Biography & Net Worth: No more commercial astronaut wings, too many launches

Heads-up, future space travelers: Starting this year, the Federal Aviation Administration will no longer award commercial astronaut wings.

The FAA said Friday that too many people have been sent into space and are cutting astronaut wings because they have completely withdrawn from astronaut-designated occupations.

The news comes a day before Blue Origin took off from west Texas with former NFL player and television celebrity Michael Strahan. He and his five passengers will continue to qualify for the wings, as the FAA will not end its long-running program until January 1.

NASA astronauts don’t have to worry about it in the future. You will receive a PIN from the astronaut.

According to the FAA, wings will be given to all 15 people who jumped into space for the first time in a US civilian flight this year. It includes Blue Origin founder Jeff Bezos and Virgin Galactic’s Richard Branson, as well as other space beginners who accompanied them on a short up-and-down trip. Both companies distributed their own version of the astronaut badge after the flight.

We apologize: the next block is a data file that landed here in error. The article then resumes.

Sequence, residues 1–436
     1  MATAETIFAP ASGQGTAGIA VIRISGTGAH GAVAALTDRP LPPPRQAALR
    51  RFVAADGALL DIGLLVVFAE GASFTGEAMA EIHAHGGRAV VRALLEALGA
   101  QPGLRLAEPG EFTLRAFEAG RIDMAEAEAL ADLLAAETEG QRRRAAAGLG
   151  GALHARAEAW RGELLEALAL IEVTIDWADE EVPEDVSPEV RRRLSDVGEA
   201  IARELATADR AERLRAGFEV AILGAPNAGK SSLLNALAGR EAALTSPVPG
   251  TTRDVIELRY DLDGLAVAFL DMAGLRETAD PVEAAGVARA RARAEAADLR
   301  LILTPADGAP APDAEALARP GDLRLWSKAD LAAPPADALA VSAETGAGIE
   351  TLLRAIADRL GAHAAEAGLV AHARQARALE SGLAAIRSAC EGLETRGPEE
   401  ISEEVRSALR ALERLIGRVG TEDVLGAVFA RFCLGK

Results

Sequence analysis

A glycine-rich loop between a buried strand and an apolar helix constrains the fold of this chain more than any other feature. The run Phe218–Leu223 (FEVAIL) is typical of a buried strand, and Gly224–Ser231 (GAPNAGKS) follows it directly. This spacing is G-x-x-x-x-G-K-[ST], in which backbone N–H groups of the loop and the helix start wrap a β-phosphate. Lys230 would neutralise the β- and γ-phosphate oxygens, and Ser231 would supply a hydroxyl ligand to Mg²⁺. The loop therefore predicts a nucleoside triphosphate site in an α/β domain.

All four passengers on SpaceX’s first private flight, which went into orbit last September, also qualified for the FAA wing.

If you add up the next six crew members of Blue Origin, the list will be 30. The recipient of the FAA’s first commercial wing was 2004.

Earlier this year, the FAA strengthened its qualifications, specifying that winners must be trained crew members rather than paying fares to their customers. However, with the end of the programme, it was decided to widen it, a spokesperson said.

The names of future astronauts will be on the FAA’s commercial spaceflight list. To qualify, you must have flown at least 50 miles (80 kilometers) high on an FAA-approved launch.

“The US commercial manned spaceflight industry has come a long way from conducting test flights to launching paid customers into space,” FAA Deputy Director Wayne Monteith said in a statement. I am. “It’s time to award an award to a large group of adventurers who boldly go to space.”


FAA: No More Commercial Astronaut Wings, Too Many Launches